The skeletal framework of the thorax—the bony thorax—consists of 12 pairs of ribs and their cartilages, 12 thoracic vertebrae and intervertebral discs, and the sternum. The illustration also includes one clavicle and scapula because these bones serve as important attachments for some of the muscles involved in respiration. The sternum is made up of three parts—the manubrium, body, and xiphoid process. The manubrium and body are not in quite the same plane and thus form the sternal angle at their junction, a signiﬁcant landmark at which the costal cartilage of the second rib articulates with the sternum. The superior border of the manubrium is slightly concave, forming what is called the suprasternal notch.
The costal cartilages of the ﬁrst through seventh ribs ordinarily articulate with the sternum and are called true ribs. The costal cartilages of the eighth through tenth ribs ( false ribs) are usually attached to the cartilage of the rib above, and the ventral ends of the cartilages of the eleventh and twelfth ribs ( ﬂoating ribs) have no direct skeletal attachment.
All of the ribs articulate dorsally with the vertebral column in such a way that their ventral end (together with the sternum) can be raised slightly, as occurs in inspiration. The articulations of the costal cartilages with the sternum, except those of the ﬁrst rib, are true or synovial joints that allow more freedom of movement than there would be without this type of articulation. The deep surface of the scapula (the subscapular fossa) ﬁts against the posterolateral aspect of the thorax over the second to seventh ribs, where, to a great extent, it is held by the muscles that are attached to it. The acromion process of the scapula articulates with the lateral end of the clavicle; this acts as a strut to hold the lateral angle of the scapula away from the thorax. On the dorsal surface of the scapula, a spine protrudes and continues laterally into the acromion process. At its vertebral end, the spine ﬂattens into a smooth tri- angular surface with the base of the triangle at the vertebral border. The spine separates the supraspinous fossa from the infraspinous fossa. Three borders of the scapula are described—superior, lateral, and medial or vertebral. On the superior border is a notch or incisura, and lateral to this, the coracoid process protrudes anteriorly.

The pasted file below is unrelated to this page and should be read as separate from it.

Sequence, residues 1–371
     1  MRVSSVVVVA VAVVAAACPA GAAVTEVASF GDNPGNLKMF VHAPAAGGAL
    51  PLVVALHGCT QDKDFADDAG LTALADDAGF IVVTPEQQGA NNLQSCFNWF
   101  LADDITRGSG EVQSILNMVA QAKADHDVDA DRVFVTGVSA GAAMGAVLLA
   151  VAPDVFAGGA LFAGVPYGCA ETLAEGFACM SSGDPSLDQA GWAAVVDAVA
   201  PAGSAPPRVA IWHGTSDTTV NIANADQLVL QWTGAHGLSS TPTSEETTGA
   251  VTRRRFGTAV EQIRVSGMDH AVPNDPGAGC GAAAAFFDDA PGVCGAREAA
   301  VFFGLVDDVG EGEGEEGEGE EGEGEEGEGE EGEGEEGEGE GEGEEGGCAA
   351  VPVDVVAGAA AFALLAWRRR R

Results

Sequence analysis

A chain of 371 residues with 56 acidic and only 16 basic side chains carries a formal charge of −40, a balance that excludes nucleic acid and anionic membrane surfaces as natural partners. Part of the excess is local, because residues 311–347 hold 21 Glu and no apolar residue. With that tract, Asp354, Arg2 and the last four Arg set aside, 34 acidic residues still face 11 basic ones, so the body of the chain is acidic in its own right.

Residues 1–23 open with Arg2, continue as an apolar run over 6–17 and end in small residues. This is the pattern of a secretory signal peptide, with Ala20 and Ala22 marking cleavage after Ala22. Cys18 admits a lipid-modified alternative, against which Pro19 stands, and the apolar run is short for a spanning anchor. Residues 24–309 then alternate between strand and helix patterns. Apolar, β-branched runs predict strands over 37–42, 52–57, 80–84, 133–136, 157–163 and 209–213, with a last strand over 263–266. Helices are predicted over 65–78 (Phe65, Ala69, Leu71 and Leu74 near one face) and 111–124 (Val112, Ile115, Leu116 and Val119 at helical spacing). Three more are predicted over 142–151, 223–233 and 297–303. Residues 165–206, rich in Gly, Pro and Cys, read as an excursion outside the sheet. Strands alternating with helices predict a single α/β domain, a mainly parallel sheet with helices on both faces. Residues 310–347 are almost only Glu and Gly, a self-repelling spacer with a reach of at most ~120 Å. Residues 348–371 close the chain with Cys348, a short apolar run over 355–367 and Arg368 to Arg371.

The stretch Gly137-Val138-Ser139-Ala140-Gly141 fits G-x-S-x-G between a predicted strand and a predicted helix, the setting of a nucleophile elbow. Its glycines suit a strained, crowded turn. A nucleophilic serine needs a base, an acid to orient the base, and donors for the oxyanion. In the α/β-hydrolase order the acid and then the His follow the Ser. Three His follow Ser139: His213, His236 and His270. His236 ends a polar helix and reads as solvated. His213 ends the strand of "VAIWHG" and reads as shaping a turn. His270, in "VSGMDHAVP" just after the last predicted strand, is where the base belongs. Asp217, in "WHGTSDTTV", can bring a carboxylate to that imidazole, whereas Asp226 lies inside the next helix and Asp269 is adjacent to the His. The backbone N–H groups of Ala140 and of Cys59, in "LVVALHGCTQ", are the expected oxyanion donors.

The lateral angle of the scapula presents a slight concavity, the glenoid fossa, for articulation with the head of the humerus. At the superior end of the glenoid fossa is the supraglenoid tuberosity, and at its inferior margin is the infraglenoid tuberosity.
The clavicle articulates at its medial end with the superolateral aspect of the manubrium of the sternum and at its lateral end with the medial edge of the acromion process of the scapula. Its medial two-thirds are curved slightly anteriorly, and its lateral third is curved posteriorly. Muscular attachments to the medial and lateral parts of the clavicle leave its middle portion less protected and thus readily subject to fracture.
The vertebral levels of the bony landmarks on the ventral aspect of the thorax are variable and differ somewhat with the phase of respiration. In general, the upper border of the manubrium is at the level of the second to third thoracic vertebrae, the sternal angle opposite the fourth to ﬁfth thoracic vertebrae, and the xiphisternal junction at the level of the ninth thoracic vertebra.